Qantara.de, a German effort to bridge the gap between the West and the Islamic world, runs an interview with Ziauddin Sardar, the British-Pakistani publisher of “Critical Muslim” a quarterly magazine that seeks to raise for debate issues the Muslims find uncomfortable to discuss. The magazine is a printed one; online, it offers only teasers of the articles with an invitation to subscribe for the full text.

The magazine seems an interesting one. Its merit may be discerned by the fact that various issues have been banned in countries worried about how extremists would react to the subjects raised.

”Muslims yearn for real debate”
Interview with Muslim Scholar Ziauddin Sardar

Ziauddin Sardar is a leading British-Pakistani Muslim scholar and critic. In this interview with Susannah Tarbush, he talks about the magazine “Critical Muslim” he founded and which he sees as an “intellectual, cultural, philosophical and creative backup” for the revolutions of the Middle East

In January a year ago, a refreshingly different kind of Muslim publication, the quarterly Critical Muslim (CM), was launched in Britain. Published by London-based C Hurst & Co, CM takes the form of an attractively-produced paperback book of over 250 pages. Its stated mission is to be a quarterly of “ideas and issues showcasing ground-breaking thinking on Islam and what it means to be a Muslim in a rapidly changing, increasingly interconnected world”.

CM’s founder and editor is leading Muslim scholar, critic and public intellectual Ziauddin Sardar. Born in Pakistan in 1951, Sardar grew up in London where he still lives. He is a prolific and much-read writer: since the late 1970s he has written some 45 books as well as numerous articles and essays. Sardar’s CM co-editor is the prominent British-Syrian novelist, critic and blogger Robin Yassin-Kassab.

Qantara.de is itself worth visiting. It, too, raises issues that are of deep concern to those who care about relations between the Islamic world and the West. Luckily, its content is all online.


January:22:2013 - 08:32 | Comments & Trackbacks (4) | Permalink
4 Responses to “Pushing Islamic Discourse”
  1. 1
    Jay kactuz Said:
    January:23:2013 - 01:25 

    I found nothing in either CM or Qantara that would indicate that ”Muslims yearn for real debate”. Perhaps if it is “it’s not your fault” deliberation, or a conversation based upon the concept that Muslim behavior has nothing to do with Islam, or a discussion about the errors and evils of non-Muslims and the West — maybe this is their idea of debate. Ziauddin Sardar himself says that we “will not publish anything that is abusive of our tradition”. So I guess what he means is non-critical criticism. This is, of course, his idea of “ground-breaking thinking” on Islam. Why do I bother…..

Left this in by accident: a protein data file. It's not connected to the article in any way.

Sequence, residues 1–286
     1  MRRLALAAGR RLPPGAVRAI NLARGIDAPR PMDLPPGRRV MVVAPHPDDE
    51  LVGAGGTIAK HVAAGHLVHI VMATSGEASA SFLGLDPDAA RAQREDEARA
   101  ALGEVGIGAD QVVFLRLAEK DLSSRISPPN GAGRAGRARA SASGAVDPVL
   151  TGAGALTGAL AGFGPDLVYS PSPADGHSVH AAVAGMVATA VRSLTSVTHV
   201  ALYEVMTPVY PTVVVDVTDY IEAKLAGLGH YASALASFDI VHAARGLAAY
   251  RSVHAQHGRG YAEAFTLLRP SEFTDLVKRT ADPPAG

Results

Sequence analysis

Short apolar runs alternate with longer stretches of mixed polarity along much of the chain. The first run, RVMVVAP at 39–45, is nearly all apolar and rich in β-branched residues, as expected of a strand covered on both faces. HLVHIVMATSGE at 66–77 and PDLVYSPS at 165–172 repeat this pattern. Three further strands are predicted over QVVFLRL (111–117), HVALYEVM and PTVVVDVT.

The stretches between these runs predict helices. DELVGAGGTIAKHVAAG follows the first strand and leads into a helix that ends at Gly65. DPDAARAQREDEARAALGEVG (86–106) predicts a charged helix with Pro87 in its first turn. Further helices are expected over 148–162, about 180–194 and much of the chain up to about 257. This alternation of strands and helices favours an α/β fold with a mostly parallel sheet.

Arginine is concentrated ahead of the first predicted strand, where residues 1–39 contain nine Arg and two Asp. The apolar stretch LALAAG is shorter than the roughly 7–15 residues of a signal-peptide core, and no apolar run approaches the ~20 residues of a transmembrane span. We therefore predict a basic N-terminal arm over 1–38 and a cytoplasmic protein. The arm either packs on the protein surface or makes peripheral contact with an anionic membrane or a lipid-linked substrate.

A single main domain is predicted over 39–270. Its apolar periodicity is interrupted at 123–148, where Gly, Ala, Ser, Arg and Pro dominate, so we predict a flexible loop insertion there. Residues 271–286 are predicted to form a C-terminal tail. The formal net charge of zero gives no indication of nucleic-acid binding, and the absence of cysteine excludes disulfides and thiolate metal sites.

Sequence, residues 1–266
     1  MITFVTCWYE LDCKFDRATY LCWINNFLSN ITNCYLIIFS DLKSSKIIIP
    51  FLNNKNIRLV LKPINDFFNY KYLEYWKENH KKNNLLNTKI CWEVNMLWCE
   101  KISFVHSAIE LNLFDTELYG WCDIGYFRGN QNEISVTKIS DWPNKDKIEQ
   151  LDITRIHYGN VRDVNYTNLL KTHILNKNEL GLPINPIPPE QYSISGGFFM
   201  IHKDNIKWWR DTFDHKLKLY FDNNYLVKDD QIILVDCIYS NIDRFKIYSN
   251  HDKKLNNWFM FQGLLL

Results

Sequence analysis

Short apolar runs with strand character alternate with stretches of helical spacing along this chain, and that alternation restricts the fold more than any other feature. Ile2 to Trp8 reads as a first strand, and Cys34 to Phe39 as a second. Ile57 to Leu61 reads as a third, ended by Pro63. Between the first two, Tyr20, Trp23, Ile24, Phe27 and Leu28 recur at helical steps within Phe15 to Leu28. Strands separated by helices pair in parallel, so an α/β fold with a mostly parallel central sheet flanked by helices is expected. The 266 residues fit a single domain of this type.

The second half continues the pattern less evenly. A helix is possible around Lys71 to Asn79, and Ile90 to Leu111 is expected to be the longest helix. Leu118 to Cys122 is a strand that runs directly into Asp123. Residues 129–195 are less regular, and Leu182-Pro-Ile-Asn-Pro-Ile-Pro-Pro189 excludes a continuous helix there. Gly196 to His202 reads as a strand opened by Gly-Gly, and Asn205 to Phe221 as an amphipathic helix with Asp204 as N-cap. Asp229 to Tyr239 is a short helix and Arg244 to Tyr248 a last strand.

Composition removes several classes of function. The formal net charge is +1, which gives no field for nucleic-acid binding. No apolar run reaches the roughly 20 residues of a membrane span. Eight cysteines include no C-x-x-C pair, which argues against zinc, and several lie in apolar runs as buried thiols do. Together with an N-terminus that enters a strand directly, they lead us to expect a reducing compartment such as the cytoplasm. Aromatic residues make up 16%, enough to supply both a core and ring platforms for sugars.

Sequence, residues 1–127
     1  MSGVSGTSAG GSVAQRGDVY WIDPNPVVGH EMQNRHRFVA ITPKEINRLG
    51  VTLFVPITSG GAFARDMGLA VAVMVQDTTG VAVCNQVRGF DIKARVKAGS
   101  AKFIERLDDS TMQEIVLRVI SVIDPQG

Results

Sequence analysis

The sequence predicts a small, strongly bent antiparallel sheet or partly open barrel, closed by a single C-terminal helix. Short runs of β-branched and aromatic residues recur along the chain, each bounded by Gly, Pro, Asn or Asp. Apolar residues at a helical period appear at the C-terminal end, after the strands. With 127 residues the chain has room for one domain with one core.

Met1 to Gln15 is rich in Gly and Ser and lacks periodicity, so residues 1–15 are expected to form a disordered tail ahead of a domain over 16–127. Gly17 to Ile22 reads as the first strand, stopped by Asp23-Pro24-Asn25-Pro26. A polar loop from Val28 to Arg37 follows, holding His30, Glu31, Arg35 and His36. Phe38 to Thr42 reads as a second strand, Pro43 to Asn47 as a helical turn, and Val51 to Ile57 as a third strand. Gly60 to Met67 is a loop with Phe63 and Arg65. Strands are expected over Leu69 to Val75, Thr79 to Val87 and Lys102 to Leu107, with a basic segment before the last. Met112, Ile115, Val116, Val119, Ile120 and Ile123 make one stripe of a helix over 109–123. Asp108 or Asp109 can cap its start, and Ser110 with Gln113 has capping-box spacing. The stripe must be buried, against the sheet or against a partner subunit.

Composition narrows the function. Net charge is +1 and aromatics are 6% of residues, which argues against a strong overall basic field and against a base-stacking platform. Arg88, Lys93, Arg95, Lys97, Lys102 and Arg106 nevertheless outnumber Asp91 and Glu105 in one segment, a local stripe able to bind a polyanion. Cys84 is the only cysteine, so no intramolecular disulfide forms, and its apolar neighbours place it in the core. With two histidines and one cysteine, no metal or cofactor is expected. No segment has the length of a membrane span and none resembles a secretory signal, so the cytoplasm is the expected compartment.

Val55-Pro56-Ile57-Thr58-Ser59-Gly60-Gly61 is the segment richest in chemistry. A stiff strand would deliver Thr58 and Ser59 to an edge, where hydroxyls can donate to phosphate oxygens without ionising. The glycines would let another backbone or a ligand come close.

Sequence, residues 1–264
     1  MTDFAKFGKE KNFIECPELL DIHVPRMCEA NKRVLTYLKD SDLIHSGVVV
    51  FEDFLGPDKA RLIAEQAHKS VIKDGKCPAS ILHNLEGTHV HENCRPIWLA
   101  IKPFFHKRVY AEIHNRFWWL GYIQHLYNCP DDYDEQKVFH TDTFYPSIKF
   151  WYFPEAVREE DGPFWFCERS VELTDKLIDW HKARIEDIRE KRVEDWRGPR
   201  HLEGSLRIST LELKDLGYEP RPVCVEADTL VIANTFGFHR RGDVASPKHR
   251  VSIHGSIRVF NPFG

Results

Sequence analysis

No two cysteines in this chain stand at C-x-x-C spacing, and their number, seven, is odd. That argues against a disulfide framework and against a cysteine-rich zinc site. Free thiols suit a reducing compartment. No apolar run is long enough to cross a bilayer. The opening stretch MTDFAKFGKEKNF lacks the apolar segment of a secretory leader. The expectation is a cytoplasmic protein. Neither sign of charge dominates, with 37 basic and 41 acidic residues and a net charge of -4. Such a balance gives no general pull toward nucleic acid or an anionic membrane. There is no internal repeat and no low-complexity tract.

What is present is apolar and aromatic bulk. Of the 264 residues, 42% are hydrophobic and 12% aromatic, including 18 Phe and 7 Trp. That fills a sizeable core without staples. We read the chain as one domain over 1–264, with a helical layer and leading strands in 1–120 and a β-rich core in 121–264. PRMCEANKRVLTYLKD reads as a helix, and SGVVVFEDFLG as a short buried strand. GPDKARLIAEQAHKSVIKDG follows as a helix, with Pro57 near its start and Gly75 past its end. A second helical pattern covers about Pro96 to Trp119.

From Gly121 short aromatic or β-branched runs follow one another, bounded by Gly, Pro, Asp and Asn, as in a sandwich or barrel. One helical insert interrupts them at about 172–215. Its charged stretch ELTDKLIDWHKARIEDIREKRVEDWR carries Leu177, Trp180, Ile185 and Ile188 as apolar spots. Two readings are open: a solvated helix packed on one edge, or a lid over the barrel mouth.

2. 2
    Jerry M Said:
    January:23:2013 - 14:37 

    @jay

    Did you look at the Muslim Institute site? http://www.musliminstitute.org/blogs/education/importance-evolution-and-islam-debate-london-salman-hameed There is a frank discussion of Evolution. I wish it had gone into detail about how modern science changes many Muslims traditional understanding about things like evolution, but it did fairly expose Harun Yahya’s Atlas of Creation as being an embarrassment.

  3. 3
    Jay kactuz Said:
    January:24:2013 - 07:56 

    Jerry, I view the evolution-religion debate as kind of a side show. It has no moral diminesion, in my view. While creationism (man as unique) and evolution (chance and selection) are basically incompatible, this issue has no immediate presence in our lives. If one accepts either, it changes nothing as far as morals are concerned.

    Now, theology (beliefs) and behavior are different. They are what make a person. I find it hard to believe that a moral person can blindly accept Islamic doctrine without reservations, given the depth of the abhorrence for non-Muslims and the multitude of wrongdoings by the person they consider to the a shining example of goodness and truth. What I am saying is that unless a Muslim can be critical of the Islam teachings as expounded in the Quran or of Mohammad’s doings as written in Islam’s own traditions and history, then what they call ‘criticism’ is not criticism at all, as there is no real disapproval or condemnation of actions that even Muslims would censure if not referenced to Allah, the Quran and their prophet. Selective morality is no morality at all.

    Believe me, I have looked long and hard for any evidence that Muslims can be honest about problematic issues, but what they call criticism is usually nothing but excuses and meaningless discussion about tangential matters.

    Have you ever seen a debate or discussion on an Islamic website about “was it proper for the prophet to let his men rape captives?” or “are non-Muslims really ‘lower than animals’?”

    Criticism requires honesty and common values. Constructive change requires effective criticism. So nothing changes in Islam and among Muslims. I found nothing in the mentioned site that Muslims would find uncomfortable to discuss.

    Thats it. Jay in HongKong signing off.

  4. 4
    Jerry M Said:
    January:24:2013 - 09:48 

    I agree that I have seen nothing that discusses that actions or words of the founder of Islam, nor is there anything discussing the history of the Koran.

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